John J. Eppig
The Jackson Laboratory
Election Year: 2011
Primary Section: 61, Animal, Nutritional, and Applied Microbial Sciences
Secondary Section: 22, Cellular and Developmental Biology
Membership Type: Member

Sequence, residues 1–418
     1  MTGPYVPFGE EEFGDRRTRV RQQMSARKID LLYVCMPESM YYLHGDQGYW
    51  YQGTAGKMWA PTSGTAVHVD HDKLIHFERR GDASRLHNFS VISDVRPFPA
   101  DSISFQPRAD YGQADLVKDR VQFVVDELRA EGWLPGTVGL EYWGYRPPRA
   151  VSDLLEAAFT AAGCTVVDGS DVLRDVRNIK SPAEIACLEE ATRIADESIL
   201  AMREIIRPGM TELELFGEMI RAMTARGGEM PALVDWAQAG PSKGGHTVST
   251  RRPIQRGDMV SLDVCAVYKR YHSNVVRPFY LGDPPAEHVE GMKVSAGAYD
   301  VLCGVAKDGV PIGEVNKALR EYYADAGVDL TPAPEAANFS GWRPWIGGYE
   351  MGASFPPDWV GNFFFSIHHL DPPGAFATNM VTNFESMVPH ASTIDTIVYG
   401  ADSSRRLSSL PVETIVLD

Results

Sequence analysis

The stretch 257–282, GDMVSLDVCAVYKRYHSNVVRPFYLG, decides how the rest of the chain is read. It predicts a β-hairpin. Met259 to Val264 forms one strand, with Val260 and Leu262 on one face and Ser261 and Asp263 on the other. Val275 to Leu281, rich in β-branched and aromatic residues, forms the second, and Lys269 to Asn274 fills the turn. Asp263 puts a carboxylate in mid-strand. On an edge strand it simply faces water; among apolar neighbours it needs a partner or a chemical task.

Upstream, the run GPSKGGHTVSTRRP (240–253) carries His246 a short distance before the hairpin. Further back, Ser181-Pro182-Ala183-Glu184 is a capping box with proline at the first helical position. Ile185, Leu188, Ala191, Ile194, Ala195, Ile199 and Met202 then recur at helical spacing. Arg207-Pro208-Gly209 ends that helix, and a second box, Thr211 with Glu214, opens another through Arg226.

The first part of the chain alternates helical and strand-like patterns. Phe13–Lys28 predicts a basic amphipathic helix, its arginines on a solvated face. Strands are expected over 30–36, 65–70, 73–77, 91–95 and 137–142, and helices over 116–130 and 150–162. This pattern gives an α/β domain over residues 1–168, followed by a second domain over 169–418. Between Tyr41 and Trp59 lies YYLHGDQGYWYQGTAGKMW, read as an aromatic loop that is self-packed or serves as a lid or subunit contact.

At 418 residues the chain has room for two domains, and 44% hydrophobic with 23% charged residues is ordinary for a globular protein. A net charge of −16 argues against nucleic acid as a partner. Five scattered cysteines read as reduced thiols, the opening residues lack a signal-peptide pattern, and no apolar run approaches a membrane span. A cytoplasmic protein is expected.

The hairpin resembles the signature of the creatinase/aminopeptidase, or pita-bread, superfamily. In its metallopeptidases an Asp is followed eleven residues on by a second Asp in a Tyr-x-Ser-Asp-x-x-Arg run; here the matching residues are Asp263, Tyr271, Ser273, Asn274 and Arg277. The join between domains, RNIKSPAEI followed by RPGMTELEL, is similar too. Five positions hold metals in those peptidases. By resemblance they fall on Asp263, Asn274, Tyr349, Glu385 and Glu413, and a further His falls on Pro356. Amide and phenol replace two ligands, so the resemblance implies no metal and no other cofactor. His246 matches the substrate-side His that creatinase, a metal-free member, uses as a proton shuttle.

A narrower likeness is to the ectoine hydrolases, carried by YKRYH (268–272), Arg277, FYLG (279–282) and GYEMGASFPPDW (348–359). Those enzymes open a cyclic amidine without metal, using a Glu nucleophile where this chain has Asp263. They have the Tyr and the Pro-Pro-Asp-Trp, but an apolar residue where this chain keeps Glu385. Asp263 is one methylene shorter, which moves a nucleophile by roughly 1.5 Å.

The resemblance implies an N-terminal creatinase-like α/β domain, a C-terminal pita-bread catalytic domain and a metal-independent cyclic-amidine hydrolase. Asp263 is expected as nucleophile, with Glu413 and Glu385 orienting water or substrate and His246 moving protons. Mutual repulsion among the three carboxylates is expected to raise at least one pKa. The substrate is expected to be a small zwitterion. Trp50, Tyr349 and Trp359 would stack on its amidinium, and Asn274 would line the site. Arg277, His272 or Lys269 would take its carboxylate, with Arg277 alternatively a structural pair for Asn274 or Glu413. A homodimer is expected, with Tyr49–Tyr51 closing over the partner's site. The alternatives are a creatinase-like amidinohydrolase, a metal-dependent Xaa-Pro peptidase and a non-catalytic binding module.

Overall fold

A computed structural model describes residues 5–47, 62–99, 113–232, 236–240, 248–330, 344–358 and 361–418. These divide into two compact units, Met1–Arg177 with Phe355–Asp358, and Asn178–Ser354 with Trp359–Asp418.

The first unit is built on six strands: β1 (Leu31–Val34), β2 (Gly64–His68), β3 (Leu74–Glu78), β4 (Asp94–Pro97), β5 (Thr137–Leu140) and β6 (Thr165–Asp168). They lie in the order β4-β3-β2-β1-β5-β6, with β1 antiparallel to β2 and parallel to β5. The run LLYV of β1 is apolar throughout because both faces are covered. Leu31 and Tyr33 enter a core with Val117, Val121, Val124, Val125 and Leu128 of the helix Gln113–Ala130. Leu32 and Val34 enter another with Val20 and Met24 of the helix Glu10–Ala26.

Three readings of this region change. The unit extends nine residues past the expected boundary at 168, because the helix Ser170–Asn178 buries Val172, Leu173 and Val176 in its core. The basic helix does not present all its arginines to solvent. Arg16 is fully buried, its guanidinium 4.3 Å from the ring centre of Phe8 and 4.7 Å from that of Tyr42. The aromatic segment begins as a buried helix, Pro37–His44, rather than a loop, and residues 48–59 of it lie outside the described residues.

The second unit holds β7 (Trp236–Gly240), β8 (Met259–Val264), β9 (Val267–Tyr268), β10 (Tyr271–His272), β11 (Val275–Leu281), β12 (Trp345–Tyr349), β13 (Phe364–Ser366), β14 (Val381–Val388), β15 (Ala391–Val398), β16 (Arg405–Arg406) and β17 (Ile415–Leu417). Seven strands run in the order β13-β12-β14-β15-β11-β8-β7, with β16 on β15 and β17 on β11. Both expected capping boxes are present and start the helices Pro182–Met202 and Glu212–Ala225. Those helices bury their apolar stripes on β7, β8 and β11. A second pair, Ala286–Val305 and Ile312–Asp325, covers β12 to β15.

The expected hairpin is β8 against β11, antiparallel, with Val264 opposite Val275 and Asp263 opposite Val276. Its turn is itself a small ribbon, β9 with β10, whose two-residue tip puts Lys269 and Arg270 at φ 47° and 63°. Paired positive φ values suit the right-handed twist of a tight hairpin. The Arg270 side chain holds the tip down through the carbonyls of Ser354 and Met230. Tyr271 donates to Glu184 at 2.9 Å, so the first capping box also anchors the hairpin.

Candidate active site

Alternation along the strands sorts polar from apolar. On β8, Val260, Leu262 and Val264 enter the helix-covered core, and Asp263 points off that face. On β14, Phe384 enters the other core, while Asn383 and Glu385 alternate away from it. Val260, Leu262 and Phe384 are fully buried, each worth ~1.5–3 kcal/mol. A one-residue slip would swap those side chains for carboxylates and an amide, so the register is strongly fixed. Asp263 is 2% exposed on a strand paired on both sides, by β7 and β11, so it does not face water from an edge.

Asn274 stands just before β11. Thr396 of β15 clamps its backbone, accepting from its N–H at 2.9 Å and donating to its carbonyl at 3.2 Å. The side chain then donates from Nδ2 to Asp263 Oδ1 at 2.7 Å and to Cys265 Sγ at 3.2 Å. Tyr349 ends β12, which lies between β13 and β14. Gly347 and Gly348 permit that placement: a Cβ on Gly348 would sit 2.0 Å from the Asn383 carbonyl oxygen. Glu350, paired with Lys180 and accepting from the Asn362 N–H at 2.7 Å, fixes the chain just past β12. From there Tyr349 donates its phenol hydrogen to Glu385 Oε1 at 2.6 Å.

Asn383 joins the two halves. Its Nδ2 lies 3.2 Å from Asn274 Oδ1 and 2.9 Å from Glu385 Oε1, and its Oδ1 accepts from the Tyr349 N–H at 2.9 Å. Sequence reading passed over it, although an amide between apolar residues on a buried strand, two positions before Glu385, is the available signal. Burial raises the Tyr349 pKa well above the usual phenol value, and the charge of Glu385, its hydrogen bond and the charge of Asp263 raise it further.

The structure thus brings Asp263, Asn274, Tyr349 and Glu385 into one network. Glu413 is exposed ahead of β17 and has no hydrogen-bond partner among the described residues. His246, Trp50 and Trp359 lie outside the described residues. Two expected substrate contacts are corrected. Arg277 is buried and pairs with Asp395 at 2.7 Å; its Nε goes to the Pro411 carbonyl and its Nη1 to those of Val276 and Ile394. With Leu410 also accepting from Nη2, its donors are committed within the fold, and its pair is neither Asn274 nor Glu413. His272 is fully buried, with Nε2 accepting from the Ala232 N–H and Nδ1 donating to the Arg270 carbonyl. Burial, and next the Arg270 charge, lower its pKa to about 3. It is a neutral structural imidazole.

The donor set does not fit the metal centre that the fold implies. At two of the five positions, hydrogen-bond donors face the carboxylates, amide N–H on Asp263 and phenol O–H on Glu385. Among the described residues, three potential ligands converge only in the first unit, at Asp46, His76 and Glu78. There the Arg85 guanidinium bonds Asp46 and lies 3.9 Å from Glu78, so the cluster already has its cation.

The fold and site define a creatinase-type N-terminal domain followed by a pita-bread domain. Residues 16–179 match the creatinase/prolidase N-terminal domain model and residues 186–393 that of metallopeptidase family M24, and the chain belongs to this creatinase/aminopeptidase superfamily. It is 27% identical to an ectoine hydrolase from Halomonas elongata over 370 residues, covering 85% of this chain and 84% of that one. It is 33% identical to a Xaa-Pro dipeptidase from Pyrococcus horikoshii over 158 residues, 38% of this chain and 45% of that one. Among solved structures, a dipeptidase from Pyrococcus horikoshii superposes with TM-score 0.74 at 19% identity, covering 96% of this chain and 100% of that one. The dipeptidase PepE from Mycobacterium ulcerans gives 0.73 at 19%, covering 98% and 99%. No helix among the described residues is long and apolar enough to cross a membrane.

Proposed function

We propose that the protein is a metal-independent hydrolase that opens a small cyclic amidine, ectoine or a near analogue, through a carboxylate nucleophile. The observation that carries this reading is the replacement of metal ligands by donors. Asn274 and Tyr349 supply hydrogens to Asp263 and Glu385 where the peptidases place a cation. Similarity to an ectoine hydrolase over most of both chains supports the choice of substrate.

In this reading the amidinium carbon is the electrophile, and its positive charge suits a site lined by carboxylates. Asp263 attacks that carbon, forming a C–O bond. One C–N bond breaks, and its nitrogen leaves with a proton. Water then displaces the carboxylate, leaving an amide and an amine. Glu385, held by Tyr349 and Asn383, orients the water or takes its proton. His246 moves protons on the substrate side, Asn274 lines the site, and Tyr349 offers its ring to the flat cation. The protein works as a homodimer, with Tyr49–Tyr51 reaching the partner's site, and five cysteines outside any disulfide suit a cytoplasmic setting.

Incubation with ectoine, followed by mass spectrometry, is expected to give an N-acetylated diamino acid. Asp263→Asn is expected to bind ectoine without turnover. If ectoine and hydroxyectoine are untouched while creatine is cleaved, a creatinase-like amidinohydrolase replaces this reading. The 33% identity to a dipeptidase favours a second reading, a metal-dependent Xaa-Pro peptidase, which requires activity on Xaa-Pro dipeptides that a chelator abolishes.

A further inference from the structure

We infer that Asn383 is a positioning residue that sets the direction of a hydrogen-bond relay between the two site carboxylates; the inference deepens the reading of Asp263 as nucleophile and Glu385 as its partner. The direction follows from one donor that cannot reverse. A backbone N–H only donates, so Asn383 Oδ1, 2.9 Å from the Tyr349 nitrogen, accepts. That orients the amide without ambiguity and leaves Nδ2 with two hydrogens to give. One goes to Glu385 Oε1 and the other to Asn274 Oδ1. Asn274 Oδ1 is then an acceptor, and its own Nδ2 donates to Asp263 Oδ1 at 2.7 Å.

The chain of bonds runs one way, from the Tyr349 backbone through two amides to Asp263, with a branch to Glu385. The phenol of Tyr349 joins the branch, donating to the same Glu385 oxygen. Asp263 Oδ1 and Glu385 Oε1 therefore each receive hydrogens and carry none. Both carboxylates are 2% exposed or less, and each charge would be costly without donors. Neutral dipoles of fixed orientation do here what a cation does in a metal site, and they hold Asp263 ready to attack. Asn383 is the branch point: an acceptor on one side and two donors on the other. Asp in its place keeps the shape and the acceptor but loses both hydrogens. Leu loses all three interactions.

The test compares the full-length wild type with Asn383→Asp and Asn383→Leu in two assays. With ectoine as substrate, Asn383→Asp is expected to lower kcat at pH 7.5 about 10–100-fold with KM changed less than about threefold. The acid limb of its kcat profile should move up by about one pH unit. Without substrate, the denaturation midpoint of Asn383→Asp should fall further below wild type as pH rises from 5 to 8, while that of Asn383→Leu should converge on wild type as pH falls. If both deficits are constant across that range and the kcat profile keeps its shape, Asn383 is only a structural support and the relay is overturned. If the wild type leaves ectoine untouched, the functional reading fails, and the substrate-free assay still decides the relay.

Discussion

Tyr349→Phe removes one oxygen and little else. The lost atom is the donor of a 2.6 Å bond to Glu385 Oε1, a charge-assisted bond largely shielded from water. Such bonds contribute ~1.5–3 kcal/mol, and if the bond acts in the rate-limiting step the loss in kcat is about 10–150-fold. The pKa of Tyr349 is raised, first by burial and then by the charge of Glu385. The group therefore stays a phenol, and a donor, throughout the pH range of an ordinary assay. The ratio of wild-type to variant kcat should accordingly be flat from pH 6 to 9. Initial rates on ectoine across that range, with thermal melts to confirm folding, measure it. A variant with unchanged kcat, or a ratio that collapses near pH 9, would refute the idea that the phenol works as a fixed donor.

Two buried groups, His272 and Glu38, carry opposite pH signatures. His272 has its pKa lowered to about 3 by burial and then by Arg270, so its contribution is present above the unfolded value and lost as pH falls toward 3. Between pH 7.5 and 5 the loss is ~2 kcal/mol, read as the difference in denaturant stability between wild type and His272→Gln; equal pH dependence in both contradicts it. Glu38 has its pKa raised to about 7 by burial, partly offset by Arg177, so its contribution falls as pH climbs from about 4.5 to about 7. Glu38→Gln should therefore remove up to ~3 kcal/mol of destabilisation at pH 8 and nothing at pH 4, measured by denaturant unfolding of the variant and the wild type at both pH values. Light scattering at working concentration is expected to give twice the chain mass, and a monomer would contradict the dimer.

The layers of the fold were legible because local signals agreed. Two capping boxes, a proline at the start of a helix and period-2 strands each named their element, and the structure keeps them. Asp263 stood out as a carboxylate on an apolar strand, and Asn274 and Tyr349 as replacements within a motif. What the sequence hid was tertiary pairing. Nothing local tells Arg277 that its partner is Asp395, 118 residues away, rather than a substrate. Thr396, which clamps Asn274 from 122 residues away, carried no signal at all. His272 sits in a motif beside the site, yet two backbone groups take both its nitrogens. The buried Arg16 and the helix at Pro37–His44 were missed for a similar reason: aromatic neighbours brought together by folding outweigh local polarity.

I am a developmental/reproductive biologist studying the development of mammalian oocytes, the cells that become eggs. The focus of my research is on the complex interactions between developing oocytes and their companion follicular somatic cells, the granulosa cells. I found that oocytes are not simply passive recipients of nutrients and signals from ovarian follicular somatic cells, as once believed, but rather actively promote the functions of somatic cells needed to support oocyte development and regulate meiosis. I originated the concept of an oocyte-granulosa cell regulatory loop in which bi-directional communication between the oocyte and companion granulosa cells is essential for both normal oocyte and follicular development. A major goal of my current research is to define the components of this regulatory loop and their functions. I also achieved the first complete development of mammalian oocytes in vitro. This included in vitro initiation of primordial follicle development, oocyte growth, and acquisition of competence to undergo maturation, fertilization, and, after transfer of preimplantation embryos to foster mothers, the birth of live young. Finally, I am the Principal Investigator of a Program Project to develop mouse mutant models of infertility using ENU mutagenesis.